Giles Harnsberger, a member of the task force, said it was her hope that the commission’s work could eventually help city leaders root out certain types of discrimination.
“This commission would create a paper trail and precedent so that the city would have a better understanding of where, and against whom, discrimination is taking place, and therefore adjust its capacity to address it,” Harnsberger said at the task force’s meeting last week.
A report detailing the task force’s full recommendations was due to the council on Friday, but it was not provided to the Richmond Times-Dispatch before this story went to press.
In Virginia, Alexandria, Arlington County, Charlottesville, Fairfax County, Newport News, Prince William County and Virginia Beach have human rights commissions.
Local human rights ordinances vary, but generally they prohibit what is forbidden under state law: discrimination in matters of employment, education, housing, public accommodations or credit because of race, color, sex, religion, national origin, age, disability, marital or familial status. Some also include sexual orientation as a protected class.
The local commissions vary in scope and function, but ones that are investigatory in nature lay out steps for filing a formal complaint and an adjudication process to determine if a complaint is founded.
In Fairfax County, that process can include a public hearing that unfolds like a court case, where each side makes opening statements, presents an argument that is cross-examined and calls witnesses. Its board-appointed commissioners deliberate afterward as a jury would.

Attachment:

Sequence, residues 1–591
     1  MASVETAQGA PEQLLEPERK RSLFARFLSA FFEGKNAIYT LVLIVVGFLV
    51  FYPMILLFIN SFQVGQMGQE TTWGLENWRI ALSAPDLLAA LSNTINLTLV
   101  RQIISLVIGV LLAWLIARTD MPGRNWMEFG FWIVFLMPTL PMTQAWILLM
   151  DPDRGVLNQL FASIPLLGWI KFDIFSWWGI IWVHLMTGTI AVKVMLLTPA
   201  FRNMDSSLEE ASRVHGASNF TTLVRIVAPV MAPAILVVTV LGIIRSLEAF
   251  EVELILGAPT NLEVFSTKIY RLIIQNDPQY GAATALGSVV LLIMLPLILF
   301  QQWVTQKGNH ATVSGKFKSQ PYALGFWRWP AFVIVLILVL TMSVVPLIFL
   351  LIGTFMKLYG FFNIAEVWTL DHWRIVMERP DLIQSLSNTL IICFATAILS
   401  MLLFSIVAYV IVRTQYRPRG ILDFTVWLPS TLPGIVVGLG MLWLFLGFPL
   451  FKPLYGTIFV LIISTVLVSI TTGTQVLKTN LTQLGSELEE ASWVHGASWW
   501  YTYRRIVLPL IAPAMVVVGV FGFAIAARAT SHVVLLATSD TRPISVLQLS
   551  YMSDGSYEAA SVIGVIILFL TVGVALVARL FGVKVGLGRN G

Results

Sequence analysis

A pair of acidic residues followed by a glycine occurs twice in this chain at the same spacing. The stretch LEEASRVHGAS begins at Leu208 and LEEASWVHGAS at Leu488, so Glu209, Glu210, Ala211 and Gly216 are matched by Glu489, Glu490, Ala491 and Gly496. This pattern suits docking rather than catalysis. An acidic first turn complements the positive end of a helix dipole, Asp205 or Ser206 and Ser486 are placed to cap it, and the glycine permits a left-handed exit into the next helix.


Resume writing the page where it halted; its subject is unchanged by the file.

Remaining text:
If the commission determines the complaint is founded, the parties have four weeks to resolve the matter with staff mediation. If they fail to reach what the county website calls a “conciliation agreement,” the commission refers the complaint to the county attorney.
The county’s Board of Supervisors can then file a claim in court alleging a violation of the county’s human rights ordinance.
Richmond used to have what was called a Human Relations Commission with similar duties.
The council charged it with snuffing out discrimination and fostering “mutual understanding and respect” along social, racial, cultural and ethnic lines. It had the authority to accept formal complaints, hold hearings and review “tension-provoking” occurrences in the community, according to city code. It could consult with city attorneys and advise the mayor, council and chief administrative officer on issues that required action to resolve.
The council disbanded it in 2006.
The reimagined version will likely be smaller in scope — at least to start — but once it gets off the ground, council members will look at expanding it, said Parker Agelasto, the 5th District councilman who co-patroned the task force resolution with Robertson last fall.
The national political climate, in which African-Americans, Latinos, Muslims, immigrants and people identifying as LGBTQ have pointed to unfair treatment and expressed a persistent fear for their personal safety, necessitates that the city provide an avenue by which it can field complaints and address issues of discrimination as they arise, Agelasto said.
“This is a moment in time when we very much need to demonstrate leadership to our citizens that everyone’s basic rights will be protected in the city of Richmond,” he said.
Robertson said she would lobby the council to implement the commission’s recommendations and fund during the next budget cycle a full-time position or positions to aid the body in its work.
“Let’s not put something in place and not provide the resources necessary to make it true,” she said.